The impacts of climate change are far from gender-neutral. Despite notable progress toward gender inclusiveness, 2.4 billion women still lack equal economic rights relative to men, while 178 countries uphold legal barriers obstructing women’s full engagement in socioeconomic activities (World Bank 2022). Asia and the Pacific, home to 6 out of 10 of the most climate-affected countries, paints a stark portrait of gender inequalities, with women in the region encountering an economic inactivity rate of 55.7% (UNESCAP 2023). The roots of gender inequality lie in the unequal distribution of caring responsibilities placed upon women, coupled with gender-differentiated power dynamics in labor force participation and social experiences. For girls, disparities are reflected in higher rates of disengagement from education and employment compared to boys (International Labour Organization 2023).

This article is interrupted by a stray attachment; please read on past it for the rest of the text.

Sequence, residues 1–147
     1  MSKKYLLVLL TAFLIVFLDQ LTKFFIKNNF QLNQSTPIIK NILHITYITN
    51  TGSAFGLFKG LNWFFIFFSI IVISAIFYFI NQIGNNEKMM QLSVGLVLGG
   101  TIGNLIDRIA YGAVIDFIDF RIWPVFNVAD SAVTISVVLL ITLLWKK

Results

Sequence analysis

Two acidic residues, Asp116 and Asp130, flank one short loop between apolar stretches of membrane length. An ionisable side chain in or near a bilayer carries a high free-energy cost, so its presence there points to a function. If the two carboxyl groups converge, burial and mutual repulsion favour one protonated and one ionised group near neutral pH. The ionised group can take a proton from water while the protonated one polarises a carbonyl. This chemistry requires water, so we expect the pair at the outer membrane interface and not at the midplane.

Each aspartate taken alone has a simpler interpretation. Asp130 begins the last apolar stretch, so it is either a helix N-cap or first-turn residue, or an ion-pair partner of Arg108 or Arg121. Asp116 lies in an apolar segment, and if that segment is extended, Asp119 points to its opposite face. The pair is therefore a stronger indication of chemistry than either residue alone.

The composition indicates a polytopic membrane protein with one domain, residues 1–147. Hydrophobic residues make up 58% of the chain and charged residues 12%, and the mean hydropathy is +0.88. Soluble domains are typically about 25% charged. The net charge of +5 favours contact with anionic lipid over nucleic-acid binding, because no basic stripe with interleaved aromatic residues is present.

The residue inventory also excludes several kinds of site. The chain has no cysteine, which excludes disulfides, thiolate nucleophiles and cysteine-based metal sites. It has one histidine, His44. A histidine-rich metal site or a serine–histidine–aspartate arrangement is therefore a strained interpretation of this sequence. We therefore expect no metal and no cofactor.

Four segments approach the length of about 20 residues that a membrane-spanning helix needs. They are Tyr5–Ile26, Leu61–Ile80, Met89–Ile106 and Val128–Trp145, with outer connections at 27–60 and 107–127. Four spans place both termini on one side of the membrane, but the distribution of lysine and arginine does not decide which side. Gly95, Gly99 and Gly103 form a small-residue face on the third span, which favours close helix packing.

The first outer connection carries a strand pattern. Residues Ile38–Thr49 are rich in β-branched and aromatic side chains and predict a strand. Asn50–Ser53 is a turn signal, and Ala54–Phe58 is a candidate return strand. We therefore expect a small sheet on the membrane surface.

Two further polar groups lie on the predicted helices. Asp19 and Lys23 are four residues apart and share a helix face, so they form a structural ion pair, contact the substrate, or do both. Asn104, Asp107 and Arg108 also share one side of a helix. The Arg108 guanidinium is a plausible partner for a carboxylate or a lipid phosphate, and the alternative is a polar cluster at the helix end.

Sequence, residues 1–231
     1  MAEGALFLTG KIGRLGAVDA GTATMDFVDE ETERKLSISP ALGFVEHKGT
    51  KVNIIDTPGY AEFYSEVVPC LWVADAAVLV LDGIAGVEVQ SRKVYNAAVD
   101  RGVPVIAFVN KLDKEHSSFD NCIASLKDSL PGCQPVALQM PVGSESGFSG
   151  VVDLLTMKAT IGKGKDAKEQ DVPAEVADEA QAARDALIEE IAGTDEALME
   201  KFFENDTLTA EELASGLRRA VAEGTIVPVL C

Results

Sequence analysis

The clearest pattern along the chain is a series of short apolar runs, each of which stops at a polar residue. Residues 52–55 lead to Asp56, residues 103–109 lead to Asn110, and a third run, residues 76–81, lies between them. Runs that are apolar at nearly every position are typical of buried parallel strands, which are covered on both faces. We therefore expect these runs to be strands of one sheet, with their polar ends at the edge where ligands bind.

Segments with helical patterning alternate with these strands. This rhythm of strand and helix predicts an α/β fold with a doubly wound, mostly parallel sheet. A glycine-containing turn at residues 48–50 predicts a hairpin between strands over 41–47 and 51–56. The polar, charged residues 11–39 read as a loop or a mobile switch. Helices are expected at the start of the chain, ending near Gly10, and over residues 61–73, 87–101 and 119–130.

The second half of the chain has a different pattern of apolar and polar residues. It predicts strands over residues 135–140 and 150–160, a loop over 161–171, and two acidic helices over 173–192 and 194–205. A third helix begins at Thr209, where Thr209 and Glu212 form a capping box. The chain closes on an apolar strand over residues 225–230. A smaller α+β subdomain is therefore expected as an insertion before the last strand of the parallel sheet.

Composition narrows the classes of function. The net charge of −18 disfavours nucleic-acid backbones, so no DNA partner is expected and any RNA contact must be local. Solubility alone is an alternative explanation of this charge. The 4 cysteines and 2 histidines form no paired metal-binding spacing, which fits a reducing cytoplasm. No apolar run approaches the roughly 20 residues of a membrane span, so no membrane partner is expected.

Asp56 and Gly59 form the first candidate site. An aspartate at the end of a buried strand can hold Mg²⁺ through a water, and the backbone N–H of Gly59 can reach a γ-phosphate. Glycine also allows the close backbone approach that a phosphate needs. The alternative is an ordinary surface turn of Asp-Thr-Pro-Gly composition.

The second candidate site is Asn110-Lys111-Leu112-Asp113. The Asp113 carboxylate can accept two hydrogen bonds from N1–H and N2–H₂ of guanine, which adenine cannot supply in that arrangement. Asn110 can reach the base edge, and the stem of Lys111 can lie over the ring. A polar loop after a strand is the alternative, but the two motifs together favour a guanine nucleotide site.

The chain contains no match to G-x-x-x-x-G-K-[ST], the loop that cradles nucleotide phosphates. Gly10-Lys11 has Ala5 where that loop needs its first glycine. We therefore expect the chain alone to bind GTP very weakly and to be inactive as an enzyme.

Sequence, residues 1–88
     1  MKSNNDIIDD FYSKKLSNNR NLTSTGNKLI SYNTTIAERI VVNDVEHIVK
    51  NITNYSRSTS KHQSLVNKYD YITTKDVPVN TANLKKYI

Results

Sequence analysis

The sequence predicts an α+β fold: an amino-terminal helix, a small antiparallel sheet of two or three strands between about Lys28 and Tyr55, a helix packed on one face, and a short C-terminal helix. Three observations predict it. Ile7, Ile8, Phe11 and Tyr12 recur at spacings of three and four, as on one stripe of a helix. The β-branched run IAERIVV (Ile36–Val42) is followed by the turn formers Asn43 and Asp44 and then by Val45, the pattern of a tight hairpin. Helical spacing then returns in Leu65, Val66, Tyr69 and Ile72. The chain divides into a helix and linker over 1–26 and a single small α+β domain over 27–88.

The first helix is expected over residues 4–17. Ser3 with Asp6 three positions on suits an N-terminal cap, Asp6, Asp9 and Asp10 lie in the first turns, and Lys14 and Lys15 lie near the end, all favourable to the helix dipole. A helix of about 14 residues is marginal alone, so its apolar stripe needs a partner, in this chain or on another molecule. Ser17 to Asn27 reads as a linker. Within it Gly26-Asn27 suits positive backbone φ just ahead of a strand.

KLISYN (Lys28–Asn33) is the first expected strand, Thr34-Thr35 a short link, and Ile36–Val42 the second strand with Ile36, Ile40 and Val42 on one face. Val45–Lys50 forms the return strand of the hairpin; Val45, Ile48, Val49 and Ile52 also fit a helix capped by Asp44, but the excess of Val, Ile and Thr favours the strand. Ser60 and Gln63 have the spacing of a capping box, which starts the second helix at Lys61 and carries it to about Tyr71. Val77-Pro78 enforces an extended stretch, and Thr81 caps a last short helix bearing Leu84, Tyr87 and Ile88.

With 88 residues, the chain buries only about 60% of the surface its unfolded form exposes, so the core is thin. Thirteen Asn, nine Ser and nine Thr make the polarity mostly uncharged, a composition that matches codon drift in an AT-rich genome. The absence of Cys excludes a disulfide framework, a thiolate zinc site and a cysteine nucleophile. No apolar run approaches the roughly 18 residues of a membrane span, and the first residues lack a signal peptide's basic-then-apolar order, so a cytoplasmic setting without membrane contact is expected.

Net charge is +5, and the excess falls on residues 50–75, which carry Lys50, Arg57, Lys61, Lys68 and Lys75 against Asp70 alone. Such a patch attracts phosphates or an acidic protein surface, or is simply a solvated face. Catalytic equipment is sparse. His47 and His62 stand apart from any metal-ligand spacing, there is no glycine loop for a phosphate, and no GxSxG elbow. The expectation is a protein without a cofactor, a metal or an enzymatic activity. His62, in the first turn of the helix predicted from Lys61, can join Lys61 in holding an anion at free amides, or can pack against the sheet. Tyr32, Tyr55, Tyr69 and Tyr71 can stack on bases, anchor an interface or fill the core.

The journey toward achieving the Sustainable Development Goals (SDGs) thus hinges upon a gender-inclusive perspective. The McKinsey Global Institute posits that adopting a gender-focused approach to climate change could potentially inject a remarkable $12 trillion, equivalent to 26% of global gross domestic product (GDP), by 2025 (Woetzel et al. 2015). This amount surpasses the combined GDP of economic giants such as Japan, Germany, and the United Kingdom, highlighting the scale of the existing gaps in women’s economic opportunities and the risk of a continuing landscape where women remain disproportionately vulnerable to the adverse impacts of climate change. The United Nations (2022) predicts that if progress continues at its current pace, it will take 257 years to bridge the global gender gap.
Gender parity for sustainable economic advancement